Astronomers report that they have cleared up a dusty puzzle about the composition of comets.
Infrared spectra of several comets taken two decades ago and an analysis in 2006 of the first cometary material brought back to Earth by spacecraft (SN: 3/25/2006, p. 182) indicated that the frozen bodies contained crystalline silicates, in the form of dust. But these findings present a conundrum because the dust can form only at temperatures much higher than those found in the birthing region of comets and the frigid outposts of the solar system where most comets roam.
Now two studies in the May 14 Nature — one based on observations, the other theoretical — reveal that crystalline silicates can form in the inner disk around an erupting star and suggest how the dust could travel billions of kilometers to the cold, outer part of the planet-forming disk, where comets coalesce.
The two studies “are very interesting in helping to resolve the long-standing problem about evidence for crystalline dust in places too cold for it to form,” demonstrating that comets are true amalgams of fire and ice, comments Sara Seager of MIT.
In the first report, Péter Ábrahám of the Hungarian Academy of Sciences’ Konkoly Observatory in Budapest and his colleagues used NASA’s infrared Spitzer Space Telescope to examine the composition of the planet-forming disk surrounding the young star EX Lupi. A similar disk of gas and dust is believed to have surrounded the infant sun, spawning the solar system’s retinue of planets, asteroids and comets.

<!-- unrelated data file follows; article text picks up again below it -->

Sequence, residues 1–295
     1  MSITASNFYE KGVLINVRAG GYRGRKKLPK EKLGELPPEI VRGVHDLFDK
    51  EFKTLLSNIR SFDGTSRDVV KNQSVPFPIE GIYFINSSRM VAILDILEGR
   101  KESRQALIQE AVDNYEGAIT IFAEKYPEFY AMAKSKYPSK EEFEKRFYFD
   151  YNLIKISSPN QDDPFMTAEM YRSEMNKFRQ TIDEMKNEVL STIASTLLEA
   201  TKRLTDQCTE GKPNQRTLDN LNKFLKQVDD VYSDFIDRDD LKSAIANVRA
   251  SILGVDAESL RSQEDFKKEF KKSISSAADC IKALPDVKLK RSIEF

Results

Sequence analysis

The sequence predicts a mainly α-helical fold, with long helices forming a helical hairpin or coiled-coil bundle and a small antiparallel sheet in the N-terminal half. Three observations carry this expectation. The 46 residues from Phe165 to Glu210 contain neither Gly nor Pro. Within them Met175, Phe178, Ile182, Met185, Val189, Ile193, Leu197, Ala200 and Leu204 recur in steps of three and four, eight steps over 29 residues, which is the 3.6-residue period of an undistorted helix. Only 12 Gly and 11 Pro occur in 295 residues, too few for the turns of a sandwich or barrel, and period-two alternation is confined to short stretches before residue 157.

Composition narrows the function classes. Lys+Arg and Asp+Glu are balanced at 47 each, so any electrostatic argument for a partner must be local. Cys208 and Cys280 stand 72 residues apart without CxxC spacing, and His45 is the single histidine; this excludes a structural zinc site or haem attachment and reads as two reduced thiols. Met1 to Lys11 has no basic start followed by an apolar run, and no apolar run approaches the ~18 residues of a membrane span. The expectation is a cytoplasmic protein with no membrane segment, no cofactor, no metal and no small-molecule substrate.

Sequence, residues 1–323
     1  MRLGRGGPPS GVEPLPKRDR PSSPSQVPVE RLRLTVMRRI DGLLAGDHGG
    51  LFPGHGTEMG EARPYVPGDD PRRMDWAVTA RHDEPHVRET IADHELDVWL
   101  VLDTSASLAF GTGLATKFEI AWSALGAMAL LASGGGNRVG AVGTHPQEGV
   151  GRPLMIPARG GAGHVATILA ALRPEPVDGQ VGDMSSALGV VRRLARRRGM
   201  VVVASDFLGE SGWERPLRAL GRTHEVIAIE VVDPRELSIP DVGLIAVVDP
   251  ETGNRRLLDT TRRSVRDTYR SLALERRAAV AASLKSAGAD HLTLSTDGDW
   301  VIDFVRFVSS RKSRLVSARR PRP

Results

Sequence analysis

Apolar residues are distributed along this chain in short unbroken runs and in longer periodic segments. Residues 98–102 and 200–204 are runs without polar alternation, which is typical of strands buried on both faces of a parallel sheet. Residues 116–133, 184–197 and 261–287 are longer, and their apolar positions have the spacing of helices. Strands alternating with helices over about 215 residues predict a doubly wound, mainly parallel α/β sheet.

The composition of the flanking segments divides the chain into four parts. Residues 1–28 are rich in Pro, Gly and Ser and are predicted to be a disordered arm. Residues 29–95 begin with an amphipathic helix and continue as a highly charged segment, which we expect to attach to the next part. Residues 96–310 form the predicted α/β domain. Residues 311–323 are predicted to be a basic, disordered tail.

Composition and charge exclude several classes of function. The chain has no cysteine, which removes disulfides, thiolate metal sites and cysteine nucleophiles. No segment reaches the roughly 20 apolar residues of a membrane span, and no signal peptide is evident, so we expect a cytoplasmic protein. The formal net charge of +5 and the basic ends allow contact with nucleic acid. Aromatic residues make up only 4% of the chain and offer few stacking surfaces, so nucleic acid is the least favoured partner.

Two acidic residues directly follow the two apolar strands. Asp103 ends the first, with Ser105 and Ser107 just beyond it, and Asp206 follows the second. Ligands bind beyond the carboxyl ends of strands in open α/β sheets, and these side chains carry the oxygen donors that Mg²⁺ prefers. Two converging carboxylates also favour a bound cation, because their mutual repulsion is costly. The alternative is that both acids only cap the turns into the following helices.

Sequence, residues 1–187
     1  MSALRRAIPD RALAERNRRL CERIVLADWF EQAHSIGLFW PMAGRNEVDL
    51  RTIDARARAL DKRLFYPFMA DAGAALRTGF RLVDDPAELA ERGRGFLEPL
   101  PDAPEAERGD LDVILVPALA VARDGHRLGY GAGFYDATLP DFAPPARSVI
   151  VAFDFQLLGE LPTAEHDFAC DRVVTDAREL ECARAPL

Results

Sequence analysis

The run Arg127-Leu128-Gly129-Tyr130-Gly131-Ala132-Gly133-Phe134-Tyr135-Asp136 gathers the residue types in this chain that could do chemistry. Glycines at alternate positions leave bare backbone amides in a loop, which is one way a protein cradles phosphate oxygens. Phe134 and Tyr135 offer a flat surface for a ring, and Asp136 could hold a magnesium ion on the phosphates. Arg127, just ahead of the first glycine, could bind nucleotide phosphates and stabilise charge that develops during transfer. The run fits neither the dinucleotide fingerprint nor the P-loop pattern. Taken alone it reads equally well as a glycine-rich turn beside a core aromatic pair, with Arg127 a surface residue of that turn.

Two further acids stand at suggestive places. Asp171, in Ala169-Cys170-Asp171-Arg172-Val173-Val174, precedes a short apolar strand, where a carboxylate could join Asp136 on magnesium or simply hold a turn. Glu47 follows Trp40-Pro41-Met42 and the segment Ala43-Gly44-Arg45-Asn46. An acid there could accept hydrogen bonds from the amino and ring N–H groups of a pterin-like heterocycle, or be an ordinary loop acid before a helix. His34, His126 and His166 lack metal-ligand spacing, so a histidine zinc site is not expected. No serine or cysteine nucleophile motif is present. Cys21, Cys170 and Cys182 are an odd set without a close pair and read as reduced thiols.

Ábrahám and his collaborators compared infrared spectra of the inner disk recorded in April 2008, shortly after EX Lupi had undergone a large outburst, with spectra taken during 2005, when the star was quiescent. The 2005 spectra reveal the presence of amorphous silicate dust, which forms at relatively low temperatures. In contrast, the 2008 spectra show crystalline silicates, which can form only at temperatures greater than 1,000 kelvins.
The team says the differences in composition are proof that the blast of heat from the star’s outburst transformed the low-temperature amorphous silicates into the crystalline structure. In a commentary accompanying the Nature reports, astronomer Aigen Li of the University of Missouri in Columbia says the observations “for the first time present convincing evidence for the formation of crystalline silicates in the hot, inner disk around an eruptive star.”
In the second study, Dejan VinkoviÄ of the University of Split in Croatia suggests how such high-temperature silicates can travel billions of kilometers from the hot, inner disk to the cold, outer part of the planet-forming disk where comets are born. He proposes that the pressure exerted by radiation from the star combines with that from infrared radiation generated by the inner disk to push grains greater than 1 micrometer in diameter to the disk’s comet-forming outskirts.
In VinkoviÄ’s model, the infrared radiation lofts crystalline silicate dust just above the hot, inner disk. Once they’re floating there, the grains glide along the surface of the flat disk, pushed by the star’s radiation. As the particles travel over the colder, outer parts of the disk, where infrared light is too weak to keep them aloft, the grains drop back down, right into the region where comets form.
Previously proposed transport mechanisms, such as magnetically-generated winds from young stars or turbulent mixing of gases in the planet-forming disk, “all have assumptions that may be problematic,” says VinkoviÄ.
This animation shows the newly proposed mechanism for transporting
crystalline dust from the hot, inner part of a planet-forming disk to
the chilly outer regions where the material can be incorporated into
Credit: D. VinkoviÄ